Boring. Boring. Boringboringboringboring. This novel is the start of an epic fantasy series and the entire time I was reading it I was either bored or annoyed, and frequently both annoyed and bored. Epic fantasy should not be boring. I don’t know, am I just past the stage where epic fantasy appeals to me? Surely that can’t be it, I’ve read epic fantasy in the recent past that didn’t irritate me. Perhaps I’m just getting picky in my old age. Yes, lets go with that.
The book follows the point of view of several characters. Mostly just the five main characters, but there were a couple of random characters thrown in as well. Three guesses if they’ll become important in the later books and the first two guesses don’t count. Sadly, I don’t think the POV shifting was well done and it was one of the things that annoyed me. We’d follow a character just long enough to get part of a scene done and then BAM new chapter/different character POV.
So, the characters; one is the bastard son of the most powerful man in the world, the second is that most powerful man, the third is the female love interest of said most powerful man, the fourth is the brother (and an equally powerful man) of said powerful man blahblahblah and so it goes. This most powerful man is the Prism, his brother is supposed to be dead because there was a huge war fifteen years ago about which brother would get to be the Prism. But instead of killing his brother Guille just imprisoned him. Because that ALWAYS goes so well for our heroes. Guille finds out he has a bastard son, and in the process stumbles across a kingdom planning a revolt against the Prism’s rule. Except, just as a note, even though Guille is the most powerful man in that he is the strongest at magic, he doesn’t actually rule the world he’s more of a figure head see. So yes. Then there is plotting and setting up the rest of the books and blahblahblahblah.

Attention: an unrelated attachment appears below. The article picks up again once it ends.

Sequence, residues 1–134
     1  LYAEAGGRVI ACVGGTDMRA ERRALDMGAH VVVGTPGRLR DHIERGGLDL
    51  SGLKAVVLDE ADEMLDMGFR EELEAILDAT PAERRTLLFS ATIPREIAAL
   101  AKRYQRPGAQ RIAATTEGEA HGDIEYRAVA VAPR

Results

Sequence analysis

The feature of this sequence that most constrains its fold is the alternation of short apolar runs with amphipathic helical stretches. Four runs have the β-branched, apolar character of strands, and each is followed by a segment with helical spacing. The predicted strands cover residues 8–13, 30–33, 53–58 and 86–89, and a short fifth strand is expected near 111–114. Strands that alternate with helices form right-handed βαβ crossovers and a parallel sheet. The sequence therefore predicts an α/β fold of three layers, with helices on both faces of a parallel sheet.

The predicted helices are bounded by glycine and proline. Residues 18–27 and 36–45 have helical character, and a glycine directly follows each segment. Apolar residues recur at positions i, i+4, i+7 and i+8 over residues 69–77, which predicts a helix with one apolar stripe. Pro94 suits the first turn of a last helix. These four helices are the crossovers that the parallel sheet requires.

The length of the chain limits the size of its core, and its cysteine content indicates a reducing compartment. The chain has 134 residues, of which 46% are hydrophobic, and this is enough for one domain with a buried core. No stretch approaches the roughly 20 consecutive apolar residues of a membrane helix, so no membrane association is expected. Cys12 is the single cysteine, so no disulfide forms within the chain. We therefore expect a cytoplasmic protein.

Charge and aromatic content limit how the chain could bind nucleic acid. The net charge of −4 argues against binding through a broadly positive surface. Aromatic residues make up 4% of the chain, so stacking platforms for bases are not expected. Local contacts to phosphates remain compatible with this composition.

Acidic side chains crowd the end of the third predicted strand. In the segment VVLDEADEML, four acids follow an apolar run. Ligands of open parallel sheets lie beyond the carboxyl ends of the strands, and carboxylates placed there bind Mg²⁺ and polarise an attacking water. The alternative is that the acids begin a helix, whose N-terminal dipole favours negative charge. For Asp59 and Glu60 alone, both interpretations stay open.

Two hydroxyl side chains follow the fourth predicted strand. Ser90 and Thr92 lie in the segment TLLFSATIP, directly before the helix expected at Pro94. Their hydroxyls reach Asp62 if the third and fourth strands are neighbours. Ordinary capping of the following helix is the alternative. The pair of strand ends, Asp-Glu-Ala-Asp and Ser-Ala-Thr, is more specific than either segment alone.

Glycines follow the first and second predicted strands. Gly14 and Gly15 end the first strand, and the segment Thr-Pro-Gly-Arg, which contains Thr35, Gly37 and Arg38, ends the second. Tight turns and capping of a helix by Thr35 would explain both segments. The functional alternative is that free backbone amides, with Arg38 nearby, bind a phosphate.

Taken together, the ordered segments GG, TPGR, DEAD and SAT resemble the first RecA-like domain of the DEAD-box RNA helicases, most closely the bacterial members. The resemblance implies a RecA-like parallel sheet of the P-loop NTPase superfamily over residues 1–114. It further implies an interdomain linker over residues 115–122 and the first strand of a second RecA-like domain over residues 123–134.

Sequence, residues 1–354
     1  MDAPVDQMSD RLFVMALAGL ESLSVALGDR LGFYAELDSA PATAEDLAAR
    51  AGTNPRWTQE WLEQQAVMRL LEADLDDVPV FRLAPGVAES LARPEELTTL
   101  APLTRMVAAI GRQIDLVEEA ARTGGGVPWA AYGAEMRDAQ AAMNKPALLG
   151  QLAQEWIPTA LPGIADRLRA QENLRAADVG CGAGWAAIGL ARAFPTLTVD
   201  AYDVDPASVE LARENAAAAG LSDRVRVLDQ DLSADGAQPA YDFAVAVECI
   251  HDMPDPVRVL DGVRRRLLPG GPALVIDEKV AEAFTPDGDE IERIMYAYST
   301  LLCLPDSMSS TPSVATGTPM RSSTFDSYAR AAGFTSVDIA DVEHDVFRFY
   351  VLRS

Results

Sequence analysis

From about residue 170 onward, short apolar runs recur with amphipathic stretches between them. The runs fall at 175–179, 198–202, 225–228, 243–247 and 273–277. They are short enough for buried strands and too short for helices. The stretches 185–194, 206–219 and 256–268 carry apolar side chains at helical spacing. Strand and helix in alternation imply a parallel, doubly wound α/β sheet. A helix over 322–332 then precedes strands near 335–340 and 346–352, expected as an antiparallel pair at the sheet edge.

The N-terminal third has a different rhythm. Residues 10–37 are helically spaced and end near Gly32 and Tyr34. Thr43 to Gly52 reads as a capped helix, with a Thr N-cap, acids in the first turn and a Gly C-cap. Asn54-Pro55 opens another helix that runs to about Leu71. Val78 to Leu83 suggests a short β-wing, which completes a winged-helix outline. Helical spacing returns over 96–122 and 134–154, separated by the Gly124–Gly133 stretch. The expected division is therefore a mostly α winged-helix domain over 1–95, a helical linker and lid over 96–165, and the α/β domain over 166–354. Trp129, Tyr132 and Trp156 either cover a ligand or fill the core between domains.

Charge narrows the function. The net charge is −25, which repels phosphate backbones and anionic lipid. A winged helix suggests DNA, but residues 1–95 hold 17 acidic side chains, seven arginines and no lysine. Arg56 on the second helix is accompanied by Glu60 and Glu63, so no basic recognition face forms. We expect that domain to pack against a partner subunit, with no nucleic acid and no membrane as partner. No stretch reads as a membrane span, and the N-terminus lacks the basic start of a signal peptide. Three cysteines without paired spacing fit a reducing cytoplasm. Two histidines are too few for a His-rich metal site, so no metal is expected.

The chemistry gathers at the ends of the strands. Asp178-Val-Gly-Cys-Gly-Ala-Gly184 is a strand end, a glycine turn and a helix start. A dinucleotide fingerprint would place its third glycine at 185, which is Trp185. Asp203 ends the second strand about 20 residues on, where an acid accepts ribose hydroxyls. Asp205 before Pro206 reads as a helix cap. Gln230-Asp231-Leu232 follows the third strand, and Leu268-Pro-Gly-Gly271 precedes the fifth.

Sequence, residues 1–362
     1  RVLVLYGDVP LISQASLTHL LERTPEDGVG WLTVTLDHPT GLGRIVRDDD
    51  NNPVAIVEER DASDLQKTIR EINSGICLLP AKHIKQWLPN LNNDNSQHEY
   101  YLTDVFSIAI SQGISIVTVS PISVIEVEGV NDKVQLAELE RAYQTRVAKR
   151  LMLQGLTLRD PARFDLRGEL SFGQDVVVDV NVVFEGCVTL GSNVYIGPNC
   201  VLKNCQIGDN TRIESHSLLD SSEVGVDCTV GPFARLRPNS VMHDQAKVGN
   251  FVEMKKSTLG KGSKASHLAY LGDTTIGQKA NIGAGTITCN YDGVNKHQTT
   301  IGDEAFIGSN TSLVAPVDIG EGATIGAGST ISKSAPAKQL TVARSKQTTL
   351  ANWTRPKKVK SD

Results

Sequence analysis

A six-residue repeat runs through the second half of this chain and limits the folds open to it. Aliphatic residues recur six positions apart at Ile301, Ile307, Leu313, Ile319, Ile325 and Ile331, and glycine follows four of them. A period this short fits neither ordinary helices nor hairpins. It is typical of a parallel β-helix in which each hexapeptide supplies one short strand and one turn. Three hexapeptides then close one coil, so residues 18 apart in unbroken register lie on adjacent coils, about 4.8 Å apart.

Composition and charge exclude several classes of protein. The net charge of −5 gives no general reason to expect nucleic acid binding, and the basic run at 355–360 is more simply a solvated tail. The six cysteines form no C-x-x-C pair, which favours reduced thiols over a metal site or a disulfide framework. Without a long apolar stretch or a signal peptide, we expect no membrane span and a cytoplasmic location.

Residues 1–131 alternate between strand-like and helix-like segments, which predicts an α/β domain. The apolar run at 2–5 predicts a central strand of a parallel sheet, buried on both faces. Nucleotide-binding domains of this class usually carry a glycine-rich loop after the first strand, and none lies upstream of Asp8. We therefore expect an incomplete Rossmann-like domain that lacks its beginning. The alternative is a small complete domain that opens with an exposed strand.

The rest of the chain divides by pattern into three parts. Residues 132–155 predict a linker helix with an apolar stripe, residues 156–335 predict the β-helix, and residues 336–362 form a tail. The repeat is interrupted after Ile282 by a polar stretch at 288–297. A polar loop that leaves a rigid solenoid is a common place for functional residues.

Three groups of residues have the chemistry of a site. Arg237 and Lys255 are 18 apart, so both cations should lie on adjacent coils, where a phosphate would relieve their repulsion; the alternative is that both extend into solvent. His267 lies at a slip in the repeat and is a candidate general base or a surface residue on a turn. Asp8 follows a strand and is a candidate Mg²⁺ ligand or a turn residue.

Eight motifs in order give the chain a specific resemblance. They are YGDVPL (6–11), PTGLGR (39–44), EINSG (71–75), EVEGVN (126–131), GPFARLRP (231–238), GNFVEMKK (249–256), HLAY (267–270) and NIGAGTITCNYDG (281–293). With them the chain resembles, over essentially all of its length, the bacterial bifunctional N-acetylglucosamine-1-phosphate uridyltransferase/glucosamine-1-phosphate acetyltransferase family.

The writing is passable. There’s nothing offensively bad about it, but I wasn’t drawn in by it either. There were a number of passages that turned me off due to the obsession with violence. Look, I get it, soldiers are ugly during war. There’s no need to dwell on the ugliness.
The characters are flat and I cared nothing for any one of them. Not even the poor bastard who looses everyone he’s ever known. Not even when those deaths are depicted in a horribly bloody and detailed fashion.
The magic system felt straight out of a role playing guide. I once read a criticism of Brandon Sanderson that said his magic systems feel like they’re being written for a role playing game, and it’s a valid criticism. However Weeks is ten times worse. There was nothing organic about the way his system works, I could practically see the role playing manual and how it would be laid out. The thing is, that’s not the worst way to write. Like I said, Sanderson is pretty guilty of it and it is a very ‘scientific’ approach to magic. I don’t necessarily enjoy that approach, but it’s not horrible. However in this book I could feel the strings being pulled and it just irritated me.
I have absolutely no idea how this book made it onto my TBR pile, but I’m super annoyed that it did. I suspect it may be related to the fact that I read, and enjoyed, a flintlock fantasy last year and this book falls into that category. Do not recommend. So annoyed that this is my Cannonball book.